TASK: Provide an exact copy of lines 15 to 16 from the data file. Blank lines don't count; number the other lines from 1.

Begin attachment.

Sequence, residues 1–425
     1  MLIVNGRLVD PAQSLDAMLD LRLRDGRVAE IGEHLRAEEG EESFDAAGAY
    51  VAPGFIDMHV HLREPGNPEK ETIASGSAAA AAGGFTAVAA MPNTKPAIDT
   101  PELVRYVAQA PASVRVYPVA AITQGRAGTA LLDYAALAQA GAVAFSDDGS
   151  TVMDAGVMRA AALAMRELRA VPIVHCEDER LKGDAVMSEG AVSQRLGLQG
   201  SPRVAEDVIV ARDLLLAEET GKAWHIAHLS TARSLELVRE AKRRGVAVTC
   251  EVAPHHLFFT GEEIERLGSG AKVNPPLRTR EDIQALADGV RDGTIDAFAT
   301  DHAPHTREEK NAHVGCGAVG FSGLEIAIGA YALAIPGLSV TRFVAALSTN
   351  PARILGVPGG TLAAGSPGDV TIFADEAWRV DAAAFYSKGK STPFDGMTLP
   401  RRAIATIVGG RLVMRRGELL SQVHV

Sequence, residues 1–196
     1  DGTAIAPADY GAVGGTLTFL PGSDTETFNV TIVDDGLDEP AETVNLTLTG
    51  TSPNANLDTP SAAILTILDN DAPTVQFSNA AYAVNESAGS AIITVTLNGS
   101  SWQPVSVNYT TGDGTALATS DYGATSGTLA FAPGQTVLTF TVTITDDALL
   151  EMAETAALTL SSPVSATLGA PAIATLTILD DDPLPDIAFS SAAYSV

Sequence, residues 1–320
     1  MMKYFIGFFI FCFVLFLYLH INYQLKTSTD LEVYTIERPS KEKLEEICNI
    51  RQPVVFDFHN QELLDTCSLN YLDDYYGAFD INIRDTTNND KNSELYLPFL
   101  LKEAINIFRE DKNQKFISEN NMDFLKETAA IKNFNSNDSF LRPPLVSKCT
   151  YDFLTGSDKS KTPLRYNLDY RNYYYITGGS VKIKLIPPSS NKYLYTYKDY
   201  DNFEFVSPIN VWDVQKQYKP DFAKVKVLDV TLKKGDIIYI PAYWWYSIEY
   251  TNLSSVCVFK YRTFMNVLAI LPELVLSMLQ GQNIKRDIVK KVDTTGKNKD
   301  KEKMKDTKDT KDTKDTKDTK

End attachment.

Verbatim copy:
   151  EMAETAALTL SSPVSATLGA PAIATLTILD DDPLPDIAFS SAAYSV

Sequence, residues 1–320